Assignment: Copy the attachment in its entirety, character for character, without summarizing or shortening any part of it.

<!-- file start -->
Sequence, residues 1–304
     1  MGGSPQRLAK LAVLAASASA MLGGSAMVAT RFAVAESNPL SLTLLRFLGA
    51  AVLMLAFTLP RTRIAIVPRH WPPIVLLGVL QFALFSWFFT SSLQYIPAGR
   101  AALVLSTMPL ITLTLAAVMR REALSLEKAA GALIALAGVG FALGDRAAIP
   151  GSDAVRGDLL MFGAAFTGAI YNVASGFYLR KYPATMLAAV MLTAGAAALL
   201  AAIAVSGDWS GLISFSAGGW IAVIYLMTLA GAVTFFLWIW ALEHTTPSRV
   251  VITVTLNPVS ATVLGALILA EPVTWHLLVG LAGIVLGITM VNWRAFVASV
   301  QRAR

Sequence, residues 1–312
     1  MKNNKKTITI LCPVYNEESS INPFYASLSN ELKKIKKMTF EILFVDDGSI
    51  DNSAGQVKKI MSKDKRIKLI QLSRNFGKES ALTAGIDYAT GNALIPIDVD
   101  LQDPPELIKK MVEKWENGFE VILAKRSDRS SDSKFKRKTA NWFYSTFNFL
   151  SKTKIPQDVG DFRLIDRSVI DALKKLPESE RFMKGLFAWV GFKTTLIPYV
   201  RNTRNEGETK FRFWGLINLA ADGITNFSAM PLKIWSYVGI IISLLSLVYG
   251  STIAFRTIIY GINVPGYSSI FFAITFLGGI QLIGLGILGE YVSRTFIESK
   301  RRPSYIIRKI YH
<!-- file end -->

Sequence, residues 1–304
     1  MGGSPQRLAK LAVLAASASA MLGGSAMVAT RFAVAESNPL SLTLLRFLGA
    51  AVLMLAFTLP RTRIAIVPRH WPPIVLLGVL QFALFSWFFT SSLQYIPAGR
   101  AALVLSTMPL ITLTLAAVMR REALSLEKAA GALIALAGVG FALGDRAAIP
   151  GSDAVRGDLL MFGAAFTGAI YNVASGFYLR KYPATMLAAV MLTAGAAALL
   201  AAIAVSGDWS GLISFSAGGW IAVIYLMTLA GAVTFFLWIW ALEHTTPSRV
   251  VITVTLNPVS ATVLGALILA EPVTWHLLVG LAGIVLGITM VNWRAFVASV
   301  QRAR

Sequence, residues 1–312
     1  MKNNKKTITI LCPVYNEESS INPFYASLSN ELKKIKKMTF EILFVDDGSI
    51  DNSAGQVKKI MSKDKRIKLI QLSRNFGKES ALTAGIDYAT GNALIPIDVD
   101  LQDPPELIKK MVEKWENGFE VILAKRSDRS SDSKFKRKTA NWFYSTFNFL
   151  SKTKIPQDVG DFRLIDRSVI DALKKLPESE RFMKGLFAWV GFKTTLIPYV
   201  RNTRNEGETK FRFWGLINLA ADGITNFSAM PLKIWSYVGI IISLLSLVYG
   251  STIAFRTIIY GINVPGYSSI FFAITFLGGI QLIGLGILGE YVSRTFIESK
   301  RRPSYIIRKI YH